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I remember having come across a nifty function that guesses some special functions taking some specific values for its parameters such that when expanded in a power series its coefficients match a finite set of input coefficients (probably first $n$ coefficients where $n$ is finite). I am not able to trace it somehow. Can anyone help me?

Example:

The first 5 coefficients in the power series expansion of a function are: $\{\frac{1}{2},-\frac{1}{24},\frac{1}{72},-\frac{1}{144},\frac{11}{2592}\}$. What is one such $C^\infty$ non-polynomial function?

I am hoping the answer to be some generalized hypergeometric function with particular values for its parameters.

Edit 1:

FindGeneratingFunction[] was the function I was looking for. However, it doesn't seem to work here. What could be some alternative ways to do this?

Edit 2:

The last term in my example list should be $\frac{11}{2592}$. I have updated it now. I had solved for a few terms of the function as follows. I am posting here for reference:

In[24]:= ClearAll["Global`*"];
ϕcl[λ_, J_] = ϕ /. Solve[ϕ/G + λ/6*ϕ^3 == J, ϕ][[1]];
W[λ_, J_] = Integrate[ϕcl[λ, J], J];
Series[W[λ, J], {J, 0, 20}, {λ, 0, 20}] // PowerExpand // Simplify // Normal

Out[27]= (G J^2)/2 - 1/(G^2 λ) - 1/24 G^4 J^4 λ + 
 1/72 G^7 J^6 λ^2 - 1/144 G^10 J^8 λ^3 + (
 11 G^13 J^10 λ^4)/2592 - (91 G^16 J^12 λ^5)/31104 + (
 17 G^19 J^14 λ^6)/7776 - (
 323 G^22 J^16 λ^7)/186624 + (
 4807 G^25 J^18 λ^8)/3359232 - (
 16445 G^28 J^20 λ^9)/13436928

Ignore the second term, and pick the rest of the coefficients. It is great to see that after feeding the first 8 coefficients, it spits out a hypergeometric function!

In[31]:= FindGeneratingFunction[{1/2, -(1/24), 1/72, -(1/144), 11/
  2592, -(91/31104), 17/7776, -(323/186624)}, x]

Out[31]= (1 - Hypergeometric2F1[-(2/3), -(1/3), 1/2, -((9 x)/8)])/x

From a look at the code that generates the series up to the FindGeneratingFunction[], can anyone suggest any better way I could have arrived at this result?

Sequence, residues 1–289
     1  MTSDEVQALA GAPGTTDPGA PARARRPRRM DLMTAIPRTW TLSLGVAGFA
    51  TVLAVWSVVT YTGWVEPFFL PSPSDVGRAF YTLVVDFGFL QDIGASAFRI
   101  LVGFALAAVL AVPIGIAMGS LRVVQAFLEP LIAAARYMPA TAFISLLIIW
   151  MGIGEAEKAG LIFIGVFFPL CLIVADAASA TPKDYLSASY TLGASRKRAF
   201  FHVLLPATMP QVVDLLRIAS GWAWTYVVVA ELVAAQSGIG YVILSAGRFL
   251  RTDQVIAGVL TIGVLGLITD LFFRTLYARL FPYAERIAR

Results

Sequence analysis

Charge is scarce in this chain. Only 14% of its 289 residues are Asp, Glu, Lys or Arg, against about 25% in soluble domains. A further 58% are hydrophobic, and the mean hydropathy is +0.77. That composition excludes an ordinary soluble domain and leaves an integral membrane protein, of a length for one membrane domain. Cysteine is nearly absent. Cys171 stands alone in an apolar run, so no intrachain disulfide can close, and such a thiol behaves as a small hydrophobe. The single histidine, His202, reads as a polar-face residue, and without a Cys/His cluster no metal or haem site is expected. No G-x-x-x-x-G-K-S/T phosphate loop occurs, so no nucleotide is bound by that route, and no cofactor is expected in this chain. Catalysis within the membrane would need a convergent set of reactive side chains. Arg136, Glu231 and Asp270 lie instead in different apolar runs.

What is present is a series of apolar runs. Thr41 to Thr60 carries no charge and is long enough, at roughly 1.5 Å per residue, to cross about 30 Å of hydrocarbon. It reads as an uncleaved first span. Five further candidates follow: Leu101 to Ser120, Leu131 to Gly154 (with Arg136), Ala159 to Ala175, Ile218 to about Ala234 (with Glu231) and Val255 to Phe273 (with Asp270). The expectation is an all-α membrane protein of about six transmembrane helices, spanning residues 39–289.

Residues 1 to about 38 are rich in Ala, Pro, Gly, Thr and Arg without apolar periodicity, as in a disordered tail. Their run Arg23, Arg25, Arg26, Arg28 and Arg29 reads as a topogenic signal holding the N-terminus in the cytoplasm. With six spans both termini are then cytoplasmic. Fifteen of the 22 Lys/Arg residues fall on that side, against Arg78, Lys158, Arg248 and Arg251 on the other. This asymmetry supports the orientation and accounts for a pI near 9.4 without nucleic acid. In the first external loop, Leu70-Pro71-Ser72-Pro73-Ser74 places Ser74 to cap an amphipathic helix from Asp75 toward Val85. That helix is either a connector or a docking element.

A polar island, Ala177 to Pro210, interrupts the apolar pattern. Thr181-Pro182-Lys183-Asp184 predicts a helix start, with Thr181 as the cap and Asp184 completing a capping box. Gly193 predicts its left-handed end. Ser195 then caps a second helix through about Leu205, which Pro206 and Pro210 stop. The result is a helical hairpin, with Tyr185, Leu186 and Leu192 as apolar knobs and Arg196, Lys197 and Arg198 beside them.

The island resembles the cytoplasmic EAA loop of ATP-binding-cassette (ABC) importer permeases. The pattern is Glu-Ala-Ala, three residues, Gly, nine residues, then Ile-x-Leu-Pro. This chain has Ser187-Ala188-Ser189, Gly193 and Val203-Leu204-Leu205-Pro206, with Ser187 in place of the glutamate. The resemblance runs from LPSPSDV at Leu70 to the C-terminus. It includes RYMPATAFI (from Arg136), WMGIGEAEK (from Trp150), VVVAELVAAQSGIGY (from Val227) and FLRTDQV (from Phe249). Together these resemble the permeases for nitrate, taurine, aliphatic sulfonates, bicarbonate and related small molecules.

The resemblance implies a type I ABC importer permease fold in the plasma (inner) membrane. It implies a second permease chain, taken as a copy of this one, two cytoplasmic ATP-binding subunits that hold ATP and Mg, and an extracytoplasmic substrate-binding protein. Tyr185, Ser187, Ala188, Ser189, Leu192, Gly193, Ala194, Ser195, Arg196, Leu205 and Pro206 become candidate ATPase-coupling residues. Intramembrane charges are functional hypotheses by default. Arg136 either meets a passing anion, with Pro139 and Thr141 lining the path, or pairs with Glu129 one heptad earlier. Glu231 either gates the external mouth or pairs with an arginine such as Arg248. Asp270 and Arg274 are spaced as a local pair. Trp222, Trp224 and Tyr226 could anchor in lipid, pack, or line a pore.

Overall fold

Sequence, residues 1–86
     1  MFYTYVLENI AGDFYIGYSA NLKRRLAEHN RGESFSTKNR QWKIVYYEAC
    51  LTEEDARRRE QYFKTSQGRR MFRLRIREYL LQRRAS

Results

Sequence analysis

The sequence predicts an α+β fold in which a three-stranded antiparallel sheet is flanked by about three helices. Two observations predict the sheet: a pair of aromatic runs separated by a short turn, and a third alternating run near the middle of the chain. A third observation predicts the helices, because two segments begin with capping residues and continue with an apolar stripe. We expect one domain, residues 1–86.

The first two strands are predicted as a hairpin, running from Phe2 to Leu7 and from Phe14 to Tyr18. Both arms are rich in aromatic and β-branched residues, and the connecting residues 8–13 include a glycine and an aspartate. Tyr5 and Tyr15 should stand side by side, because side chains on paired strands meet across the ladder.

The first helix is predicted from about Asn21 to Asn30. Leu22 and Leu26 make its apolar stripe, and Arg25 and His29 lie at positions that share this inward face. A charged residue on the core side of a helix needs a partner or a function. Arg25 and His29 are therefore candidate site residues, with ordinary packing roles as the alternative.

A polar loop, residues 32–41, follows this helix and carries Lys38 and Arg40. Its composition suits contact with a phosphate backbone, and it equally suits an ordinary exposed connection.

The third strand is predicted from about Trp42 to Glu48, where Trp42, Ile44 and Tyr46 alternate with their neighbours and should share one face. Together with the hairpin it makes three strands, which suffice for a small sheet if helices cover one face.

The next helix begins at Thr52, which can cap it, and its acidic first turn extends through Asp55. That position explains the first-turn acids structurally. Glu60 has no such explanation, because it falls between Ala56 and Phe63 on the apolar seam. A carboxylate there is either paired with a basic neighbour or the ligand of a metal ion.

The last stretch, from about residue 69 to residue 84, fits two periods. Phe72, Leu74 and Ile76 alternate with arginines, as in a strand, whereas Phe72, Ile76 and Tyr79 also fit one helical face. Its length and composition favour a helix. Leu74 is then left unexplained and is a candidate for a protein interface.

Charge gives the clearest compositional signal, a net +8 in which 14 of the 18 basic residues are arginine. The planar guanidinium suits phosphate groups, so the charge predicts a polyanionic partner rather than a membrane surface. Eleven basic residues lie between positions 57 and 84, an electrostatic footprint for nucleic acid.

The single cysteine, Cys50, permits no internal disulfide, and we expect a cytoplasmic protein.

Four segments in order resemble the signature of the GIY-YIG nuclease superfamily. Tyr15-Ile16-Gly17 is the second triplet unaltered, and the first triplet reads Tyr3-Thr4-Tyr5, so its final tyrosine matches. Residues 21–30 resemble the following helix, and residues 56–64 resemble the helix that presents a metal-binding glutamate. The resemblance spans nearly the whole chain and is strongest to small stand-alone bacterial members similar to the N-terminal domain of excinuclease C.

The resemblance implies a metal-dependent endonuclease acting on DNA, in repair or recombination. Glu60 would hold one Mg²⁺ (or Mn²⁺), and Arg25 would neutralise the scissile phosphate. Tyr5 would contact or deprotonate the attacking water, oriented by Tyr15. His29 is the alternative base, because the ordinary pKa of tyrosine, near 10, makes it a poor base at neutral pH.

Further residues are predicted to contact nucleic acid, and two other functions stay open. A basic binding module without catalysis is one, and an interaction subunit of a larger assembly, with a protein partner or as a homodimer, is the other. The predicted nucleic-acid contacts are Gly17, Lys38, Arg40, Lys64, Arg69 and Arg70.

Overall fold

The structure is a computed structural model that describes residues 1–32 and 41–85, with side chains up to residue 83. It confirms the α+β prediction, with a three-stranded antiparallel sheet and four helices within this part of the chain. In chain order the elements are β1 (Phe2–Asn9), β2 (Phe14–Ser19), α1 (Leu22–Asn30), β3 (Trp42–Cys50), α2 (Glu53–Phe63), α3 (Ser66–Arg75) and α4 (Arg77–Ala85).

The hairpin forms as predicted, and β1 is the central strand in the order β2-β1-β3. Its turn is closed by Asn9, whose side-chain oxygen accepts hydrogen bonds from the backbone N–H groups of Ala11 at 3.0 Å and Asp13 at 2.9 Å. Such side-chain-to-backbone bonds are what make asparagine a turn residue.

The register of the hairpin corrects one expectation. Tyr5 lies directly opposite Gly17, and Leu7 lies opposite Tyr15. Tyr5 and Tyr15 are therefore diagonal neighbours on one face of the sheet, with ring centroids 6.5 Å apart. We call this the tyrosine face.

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  • $\begingroup$ Are those five all you have? FindSequenceFunction[] usually does much better if it has a lot of sequence elements to try stuff with. $\endgroup$ – J. M. will be back soon Mar 20 '18 at 8:17
  • $\begingroup$ @J.M. Yeah. Otherwise, can one write a short code to do so? $\endgroup$ – Subho Mar 20 '18 at 8:28
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    $\begingroup$ In addition to very relevant links of J.M. I would like to add that any trinomial equation has a solution that can be written in terms of series involving the generalized Catalan coefficients. For integer powers, they can be written in terms of hypergeometric functions mathoverflow.net/questions/249060/… $\endgroup$ – yarchik Mar 22 '18 at 9:40
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    $\begingroup$ See also this paper of Aoyama, where the root is expressed in terms of a contour integral link.springer.com/article/10.1007/BF01313922 . $\endgroup$ – yarchik Mar 22 '18 at 9:45
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If you only had five terms, you could still try to expand them into an integer sequence by multiplying by obvious powers and factorials. In this case, by looking at a few FactorInteger decompositions of denominators it becomes clear that there are only factors of 2 and 3 in the denominators, suggesting that

L = {1/2, -1/24, 1/72, -1/144, 11/2592};
Table[-(-1)^n 2^(n + 1) 3^(n - 1) L[[n]], {n, 5}]

{2, 1, 2, 6, 22}

looks like the beginning of an integer sequence. Feeding it into the Online Encyclopedia of Integer Sequences with OEISlookup[{2, 1, 2, 6, 22}] (see below) lands us uniquely on A000139, with explicit formula

Table[(2 (3 n)!)/((1 + n)! (1 + 2 n)!), {n, 0, 4}]

{2, 1, 2, 6, 22}